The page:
Conclusion: As you can see the end user experience is straight forward and easy to enroll the device into Intune MDM. From here, depending upon how my IT Administrator configured policies I can have VPN/WiFi profiles pushed down, printers configured and a vast amount of other configurations and customizations done to the device. Pretty cool!

Intune: MDM Enrollment Experience (complete device management)

Microsoft Intune, part of Enterprise Mobility + Security (EMS), is an Azure based service that enables IT to manage devices at scale (iOS,Android,MacOS,Windows) and customize them, just like you would with an enterprise Windows PC. This provides a wealth of capability for IT to ensure devices are secure and protect intellectual property on them, but are also easy, efficient to use and do not create a burden on the end user. Let’s take a look at how to enroll a device into Intune MDM from the end-user’s perspective.

Note: Refer to the technical documentation for more information on how to configure Intune for MDM enrollment.

With my personal (or corporate owned) iPad I’m going to download the Company Portal app from the App Store:

 

Once downloaded, I’m going to launch the Company Portal app. Upon launching I will be prompted to sign-in:

Microsoft will recognize my credentials as Azure Active Directory credentials and will take me to my company’s sign-in page (still inside the app):

Once I click Sign-in, Company Portal will load:

Once signed in, there will be instructions prompting me I need to get my device managed in order to access my corporate applications and data. I’m going to tap Begin.

Next, I’ll be made aware of what information on the device my IT department will have visibility to, and what they won’t. For me this is an important screen and step for users to develop trust with IT and the process. I’m going to tap Continue:

Next, I’ll be made aware of the next few steps. First redirected to Settings where I’ll be prompted to install the Management Profile and then re-directed back to the Company Portal. I’m going to tab Next:

I’m going to tap Allow for the redirect to Settings:

Upon redirect to Settings, I’m going to tab Install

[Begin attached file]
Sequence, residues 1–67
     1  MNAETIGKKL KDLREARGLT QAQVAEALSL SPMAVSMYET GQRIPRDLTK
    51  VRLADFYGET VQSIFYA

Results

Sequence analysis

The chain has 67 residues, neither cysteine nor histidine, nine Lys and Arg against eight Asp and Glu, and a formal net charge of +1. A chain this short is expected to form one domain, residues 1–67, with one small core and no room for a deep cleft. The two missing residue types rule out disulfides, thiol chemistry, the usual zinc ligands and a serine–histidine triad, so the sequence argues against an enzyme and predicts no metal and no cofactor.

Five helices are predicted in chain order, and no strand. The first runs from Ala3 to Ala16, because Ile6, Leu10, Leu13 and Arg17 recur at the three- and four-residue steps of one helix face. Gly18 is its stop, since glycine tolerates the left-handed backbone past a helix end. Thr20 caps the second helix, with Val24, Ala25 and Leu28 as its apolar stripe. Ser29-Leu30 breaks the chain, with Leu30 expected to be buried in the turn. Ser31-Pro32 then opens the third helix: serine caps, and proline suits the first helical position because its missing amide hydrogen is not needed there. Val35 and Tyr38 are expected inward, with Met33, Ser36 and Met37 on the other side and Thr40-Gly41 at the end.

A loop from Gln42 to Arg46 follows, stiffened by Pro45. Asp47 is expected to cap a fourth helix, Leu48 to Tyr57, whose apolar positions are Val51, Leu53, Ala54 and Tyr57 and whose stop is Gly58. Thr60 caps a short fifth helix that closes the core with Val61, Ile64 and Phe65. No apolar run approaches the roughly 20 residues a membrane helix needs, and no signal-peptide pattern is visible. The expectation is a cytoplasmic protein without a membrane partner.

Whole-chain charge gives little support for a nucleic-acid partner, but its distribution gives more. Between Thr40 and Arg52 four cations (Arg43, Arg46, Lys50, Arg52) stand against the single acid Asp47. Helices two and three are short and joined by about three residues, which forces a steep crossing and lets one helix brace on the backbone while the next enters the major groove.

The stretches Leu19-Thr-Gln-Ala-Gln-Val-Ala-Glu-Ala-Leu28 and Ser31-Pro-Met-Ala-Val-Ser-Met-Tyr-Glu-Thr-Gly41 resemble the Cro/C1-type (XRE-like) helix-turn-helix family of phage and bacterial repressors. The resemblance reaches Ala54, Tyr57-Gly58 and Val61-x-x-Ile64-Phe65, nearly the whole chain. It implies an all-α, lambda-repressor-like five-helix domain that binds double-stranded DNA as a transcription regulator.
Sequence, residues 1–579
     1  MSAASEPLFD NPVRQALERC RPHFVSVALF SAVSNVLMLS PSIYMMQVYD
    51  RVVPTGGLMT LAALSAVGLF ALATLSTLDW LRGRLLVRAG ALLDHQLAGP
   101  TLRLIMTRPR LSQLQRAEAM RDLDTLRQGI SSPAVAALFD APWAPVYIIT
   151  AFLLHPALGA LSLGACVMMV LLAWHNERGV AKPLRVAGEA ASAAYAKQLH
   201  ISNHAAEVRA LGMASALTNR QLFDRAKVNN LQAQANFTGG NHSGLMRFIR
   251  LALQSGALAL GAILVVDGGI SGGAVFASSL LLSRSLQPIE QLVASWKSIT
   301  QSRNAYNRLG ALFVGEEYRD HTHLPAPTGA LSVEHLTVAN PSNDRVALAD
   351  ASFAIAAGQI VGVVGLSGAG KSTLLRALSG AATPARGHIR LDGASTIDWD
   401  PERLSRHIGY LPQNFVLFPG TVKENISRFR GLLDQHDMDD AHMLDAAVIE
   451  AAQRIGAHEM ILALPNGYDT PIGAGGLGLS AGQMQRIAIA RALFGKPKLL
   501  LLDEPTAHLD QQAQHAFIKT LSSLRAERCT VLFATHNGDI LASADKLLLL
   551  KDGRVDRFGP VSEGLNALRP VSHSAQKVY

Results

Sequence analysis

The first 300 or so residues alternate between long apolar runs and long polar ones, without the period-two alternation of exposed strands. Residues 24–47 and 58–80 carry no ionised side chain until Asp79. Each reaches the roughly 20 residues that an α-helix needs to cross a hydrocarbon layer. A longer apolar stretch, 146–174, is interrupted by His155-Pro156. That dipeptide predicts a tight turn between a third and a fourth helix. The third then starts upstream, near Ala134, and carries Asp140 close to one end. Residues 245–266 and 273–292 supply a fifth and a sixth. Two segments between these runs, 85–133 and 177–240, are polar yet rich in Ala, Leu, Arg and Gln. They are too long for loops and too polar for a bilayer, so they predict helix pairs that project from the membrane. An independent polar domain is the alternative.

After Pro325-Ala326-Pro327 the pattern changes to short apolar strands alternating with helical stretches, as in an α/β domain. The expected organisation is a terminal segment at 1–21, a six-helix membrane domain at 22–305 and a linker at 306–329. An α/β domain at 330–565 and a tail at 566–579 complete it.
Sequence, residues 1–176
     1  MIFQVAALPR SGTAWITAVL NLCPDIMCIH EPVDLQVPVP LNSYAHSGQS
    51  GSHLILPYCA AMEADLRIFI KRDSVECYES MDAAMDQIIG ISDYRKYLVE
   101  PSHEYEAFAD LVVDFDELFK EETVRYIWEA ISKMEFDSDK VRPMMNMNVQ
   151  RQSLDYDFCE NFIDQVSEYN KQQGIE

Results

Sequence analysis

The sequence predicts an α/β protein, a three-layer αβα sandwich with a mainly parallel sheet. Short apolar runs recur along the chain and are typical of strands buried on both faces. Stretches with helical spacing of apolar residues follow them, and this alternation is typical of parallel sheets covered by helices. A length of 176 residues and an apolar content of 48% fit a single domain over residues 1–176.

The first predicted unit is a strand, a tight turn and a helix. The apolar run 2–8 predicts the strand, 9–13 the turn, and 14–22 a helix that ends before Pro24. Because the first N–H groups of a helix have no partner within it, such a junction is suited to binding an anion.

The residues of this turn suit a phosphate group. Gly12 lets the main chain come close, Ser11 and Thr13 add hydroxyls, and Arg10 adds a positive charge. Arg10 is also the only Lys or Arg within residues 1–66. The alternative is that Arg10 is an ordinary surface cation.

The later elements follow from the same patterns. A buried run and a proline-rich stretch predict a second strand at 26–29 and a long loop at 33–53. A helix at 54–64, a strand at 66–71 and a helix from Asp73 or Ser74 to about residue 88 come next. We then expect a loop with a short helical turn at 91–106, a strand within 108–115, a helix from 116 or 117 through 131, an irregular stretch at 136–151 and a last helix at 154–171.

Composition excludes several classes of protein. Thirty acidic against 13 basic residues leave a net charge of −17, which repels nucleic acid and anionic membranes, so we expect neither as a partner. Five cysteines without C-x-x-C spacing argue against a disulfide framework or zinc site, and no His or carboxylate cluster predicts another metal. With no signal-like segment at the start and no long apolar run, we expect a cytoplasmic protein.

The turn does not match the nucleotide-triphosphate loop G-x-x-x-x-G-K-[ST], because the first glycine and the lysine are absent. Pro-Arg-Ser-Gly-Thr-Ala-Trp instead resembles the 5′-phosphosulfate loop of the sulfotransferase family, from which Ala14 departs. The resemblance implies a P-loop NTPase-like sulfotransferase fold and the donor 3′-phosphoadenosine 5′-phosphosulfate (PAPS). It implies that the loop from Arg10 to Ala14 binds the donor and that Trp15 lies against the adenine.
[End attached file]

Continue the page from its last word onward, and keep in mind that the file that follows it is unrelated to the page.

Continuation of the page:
Tap Install again:

I will be warned about how my IT Department will have visibility to the data on my iPad. Tab Install again:

Next, I will tap Trust,
indicating I trust the source of this management profile (Microsoft) to enroll my iPad into remote management:

Once the process finishes, I’ll tap Done:


Upon tapping done, I’ll be redirected back to Company Portal:

It looks like enrollment is complete! I’ll tap Done

 

Upon exiting the app, as part of my company’s policy, the Microsoft Outlook app will be installed. I need to tap Install to give my consent:

In addition, my company’s policy requires that I set a passcode on my iPad:

Next, I’m going to launch Outlook so I can access my email:

Notice my email profile is already configured! I’m going to tap Add Account:

 

And I’ll be taking directly to my mailbox:

I’m curious though, what are the other policies my company is applying to my device? Let’s launch settings and take a look. Clicking on General and then Management Profiles I can see the various certificates being applied:

 

If I go back and tap Apps I can see the required apps my company is pushing and requiring me to install:

If I go back and tap Restrictions I can see the restrictions of what my company will not allow me to perform on my iPad. It looks like they block iCloud from backing up, blocking the camera, and requiring a passcode:

Conclusion: As you can see the end user experience is straight forward and easy to enroll the device into Intune MDM. From here, depending upon how my IT Administrator configured policies I can have VPN/WiFi profiles pushed down, printers configured and a vast amount of other configurations and customizations done to the device. Pretty cool!